And I go on my way.

At peace with the world.

Thursday, March 21, 2013

Follow-up to Betrayal Story




Here is a link to a true story I wrote about the betrayal of a friend. It is in two parts with a continuation at the bottom of part 1.

There is nought as queer as folks, yeah?

A week ago, I received a friend request on Facebook from the one who betrayed me:

OMG. I don't believe it! I had no idea where you were. I only joined facebook last month -actually one of my friends got so fed up she created my account and told me to get on with it. How are you doing? Knew it was you when I saw your facebook page. Ted showed up on people you might know on Carrie's and from that you showed up. Nfld??? Remember my cousin Meghan - used to be married to my cousin David (cop)? Her sister Doris has been living there since 1988....enough.. hope you are not too busy to keep in touch. Ilona

I ignored it. What greater rebuff can there be?

Then today I received this:

I have not had a reply to my message so I don't know if you are busy or don't want to keep in touch. I am living in Lxxxx now (since 1988) and don't bother going to Toronto much. I miss the Bxxxxx from time to time but not much else. I am now in my own place and setting up my art studio. It feels good to be finally doing what I want to do - it only took 40 years. If you are interested I have posted some of my art work on my facebook and I have been creating the posters, etc. for the Pxxxxx Theatre here. Some of the posters are also on my facebook. I was going to ask about the girls then realized that they are not girls anymore!! Bit of a shock that. I don't feel any older apart from a few creaks and that the gray hair is just making me more blonde...I don't ask opinions on that I will be happy to live in denial a while longer. Let me know how you are and take care. Ilona.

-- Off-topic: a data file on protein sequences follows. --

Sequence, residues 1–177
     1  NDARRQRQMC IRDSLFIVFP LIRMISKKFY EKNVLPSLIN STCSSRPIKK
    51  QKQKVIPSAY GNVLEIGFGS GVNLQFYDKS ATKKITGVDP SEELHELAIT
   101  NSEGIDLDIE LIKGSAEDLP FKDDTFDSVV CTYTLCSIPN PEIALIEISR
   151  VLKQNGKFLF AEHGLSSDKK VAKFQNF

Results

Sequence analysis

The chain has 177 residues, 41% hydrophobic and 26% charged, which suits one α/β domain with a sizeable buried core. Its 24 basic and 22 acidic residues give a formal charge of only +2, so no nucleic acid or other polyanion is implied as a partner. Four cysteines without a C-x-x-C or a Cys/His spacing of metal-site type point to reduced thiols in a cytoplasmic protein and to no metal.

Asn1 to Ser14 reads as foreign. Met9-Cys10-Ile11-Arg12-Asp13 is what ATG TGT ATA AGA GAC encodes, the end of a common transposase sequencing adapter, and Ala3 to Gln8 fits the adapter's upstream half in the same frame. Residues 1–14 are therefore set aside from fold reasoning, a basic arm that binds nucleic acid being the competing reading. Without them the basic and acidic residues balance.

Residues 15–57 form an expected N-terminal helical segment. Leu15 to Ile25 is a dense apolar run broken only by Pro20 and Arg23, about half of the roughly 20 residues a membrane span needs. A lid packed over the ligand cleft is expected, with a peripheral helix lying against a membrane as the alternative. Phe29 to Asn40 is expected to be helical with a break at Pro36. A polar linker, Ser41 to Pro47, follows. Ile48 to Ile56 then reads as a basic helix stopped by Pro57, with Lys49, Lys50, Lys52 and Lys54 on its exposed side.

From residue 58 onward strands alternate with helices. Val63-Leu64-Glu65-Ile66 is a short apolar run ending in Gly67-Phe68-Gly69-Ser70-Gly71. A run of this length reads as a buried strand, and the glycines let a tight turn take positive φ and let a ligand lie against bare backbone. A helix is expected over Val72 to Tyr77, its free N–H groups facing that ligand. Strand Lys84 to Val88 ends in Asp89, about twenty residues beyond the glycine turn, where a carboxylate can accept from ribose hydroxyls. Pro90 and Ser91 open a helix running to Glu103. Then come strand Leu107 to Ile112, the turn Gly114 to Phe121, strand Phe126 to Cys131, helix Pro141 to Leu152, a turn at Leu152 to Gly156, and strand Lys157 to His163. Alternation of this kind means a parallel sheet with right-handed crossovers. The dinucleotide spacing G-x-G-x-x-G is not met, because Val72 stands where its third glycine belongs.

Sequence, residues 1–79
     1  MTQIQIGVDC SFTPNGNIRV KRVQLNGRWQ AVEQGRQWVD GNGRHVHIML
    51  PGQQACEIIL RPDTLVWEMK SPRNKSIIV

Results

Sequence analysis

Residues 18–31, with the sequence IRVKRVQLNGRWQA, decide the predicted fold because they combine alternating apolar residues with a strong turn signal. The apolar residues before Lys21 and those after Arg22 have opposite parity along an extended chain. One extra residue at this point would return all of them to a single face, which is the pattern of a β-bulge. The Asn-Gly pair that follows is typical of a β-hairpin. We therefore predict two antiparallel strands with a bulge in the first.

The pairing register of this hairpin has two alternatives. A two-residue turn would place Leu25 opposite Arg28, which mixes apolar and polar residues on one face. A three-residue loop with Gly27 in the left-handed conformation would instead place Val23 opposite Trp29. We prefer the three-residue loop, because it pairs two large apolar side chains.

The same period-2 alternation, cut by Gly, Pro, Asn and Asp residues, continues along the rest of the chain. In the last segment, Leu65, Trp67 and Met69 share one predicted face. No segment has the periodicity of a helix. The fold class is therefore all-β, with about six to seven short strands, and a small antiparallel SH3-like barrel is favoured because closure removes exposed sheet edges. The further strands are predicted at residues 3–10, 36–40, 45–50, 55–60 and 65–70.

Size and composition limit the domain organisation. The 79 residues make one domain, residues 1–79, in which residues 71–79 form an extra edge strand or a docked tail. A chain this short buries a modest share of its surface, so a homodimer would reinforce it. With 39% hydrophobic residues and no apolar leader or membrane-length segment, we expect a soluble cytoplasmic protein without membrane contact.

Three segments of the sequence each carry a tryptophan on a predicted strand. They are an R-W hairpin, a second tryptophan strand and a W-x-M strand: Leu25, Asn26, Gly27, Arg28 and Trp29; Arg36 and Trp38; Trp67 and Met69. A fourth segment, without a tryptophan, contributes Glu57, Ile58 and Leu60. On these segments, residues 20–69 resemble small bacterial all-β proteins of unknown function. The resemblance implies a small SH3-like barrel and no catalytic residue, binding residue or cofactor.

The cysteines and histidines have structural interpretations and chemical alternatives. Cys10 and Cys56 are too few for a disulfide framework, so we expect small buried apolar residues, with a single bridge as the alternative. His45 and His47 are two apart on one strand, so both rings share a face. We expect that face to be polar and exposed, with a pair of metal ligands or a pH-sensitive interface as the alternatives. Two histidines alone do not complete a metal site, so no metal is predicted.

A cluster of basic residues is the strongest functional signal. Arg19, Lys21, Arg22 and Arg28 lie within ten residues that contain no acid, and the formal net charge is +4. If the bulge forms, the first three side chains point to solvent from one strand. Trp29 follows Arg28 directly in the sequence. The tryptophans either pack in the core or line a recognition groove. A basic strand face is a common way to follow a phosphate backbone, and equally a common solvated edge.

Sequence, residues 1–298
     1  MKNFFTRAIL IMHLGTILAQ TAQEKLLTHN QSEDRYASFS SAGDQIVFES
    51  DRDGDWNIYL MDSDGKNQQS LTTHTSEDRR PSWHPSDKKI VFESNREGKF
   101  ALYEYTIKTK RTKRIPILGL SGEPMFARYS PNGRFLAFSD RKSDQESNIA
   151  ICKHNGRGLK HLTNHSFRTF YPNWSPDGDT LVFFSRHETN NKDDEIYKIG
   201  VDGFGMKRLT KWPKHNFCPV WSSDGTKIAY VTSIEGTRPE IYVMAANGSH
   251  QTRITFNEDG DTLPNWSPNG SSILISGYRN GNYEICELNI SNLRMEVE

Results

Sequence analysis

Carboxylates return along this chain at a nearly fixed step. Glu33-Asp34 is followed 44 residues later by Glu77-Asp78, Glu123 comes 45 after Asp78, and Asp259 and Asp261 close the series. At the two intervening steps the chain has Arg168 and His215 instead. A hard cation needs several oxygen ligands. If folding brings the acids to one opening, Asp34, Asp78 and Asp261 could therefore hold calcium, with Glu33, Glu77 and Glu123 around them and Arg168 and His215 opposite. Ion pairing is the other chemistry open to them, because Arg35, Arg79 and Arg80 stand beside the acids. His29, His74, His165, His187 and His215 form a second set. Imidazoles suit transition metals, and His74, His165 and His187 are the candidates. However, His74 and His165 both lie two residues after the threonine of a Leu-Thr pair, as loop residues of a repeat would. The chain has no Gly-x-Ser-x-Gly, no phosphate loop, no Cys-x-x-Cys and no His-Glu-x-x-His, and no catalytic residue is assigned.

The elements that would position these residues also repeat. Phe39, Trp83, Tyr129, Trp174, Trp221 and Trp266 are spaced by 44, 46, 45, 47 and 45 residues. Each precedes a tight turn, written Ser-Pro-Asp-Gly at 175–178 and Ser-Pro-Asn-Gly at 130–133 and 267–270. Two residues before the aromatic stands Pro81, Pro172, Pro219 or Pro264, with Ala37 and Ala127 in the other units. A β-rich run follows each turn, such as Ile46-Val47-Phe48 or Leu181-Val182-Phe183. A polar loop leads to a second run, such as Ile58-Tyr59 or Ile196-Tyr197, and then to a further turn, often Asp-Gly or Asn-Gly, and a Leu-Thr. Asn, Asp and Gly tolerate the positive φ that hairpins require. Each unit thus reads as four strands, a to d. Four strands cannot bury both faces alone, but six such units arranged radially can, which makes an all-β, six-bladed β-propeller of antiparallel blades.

Names are redacted to protect the guilty.

"Keep in touch?"

What do you think?

Tuesday, March 19, 2013

Recipes from The Outport Woman



Easy peasy - allow about 20 minutes from stem to stern, 15 minutes when you know what you're doing without the recipe.

Serves 4.

I eat this at least once a week, sometimes twice. It freezes incredibly well.

Braised Coconut Spinach and Chickpeas with Lemon

2 teaspoons oil or ghee
1 small yellow onion
4 large cloves garlic, peeled and minced
1 tablespoon grated ginger, from a 3-inch piece
1/2 cup sun-dried tomatoes, chopped
1 large lemon, zested and juiced (about 2 tablespoons juice)
1 dried hot red pepper or dash of red pepper flakes (optional)
1 heaping tbls of dulse or other seaweed, finely chopped, if desired.
15-ounce can chickpeas, drained
1 pound baby spinach
14-ounce can coconut milk
1 teaspoon salt, or to taste
1 teaspoon ground ginger
Toast a handful of coconut in the oven.
--------------------------------------------------------------------------------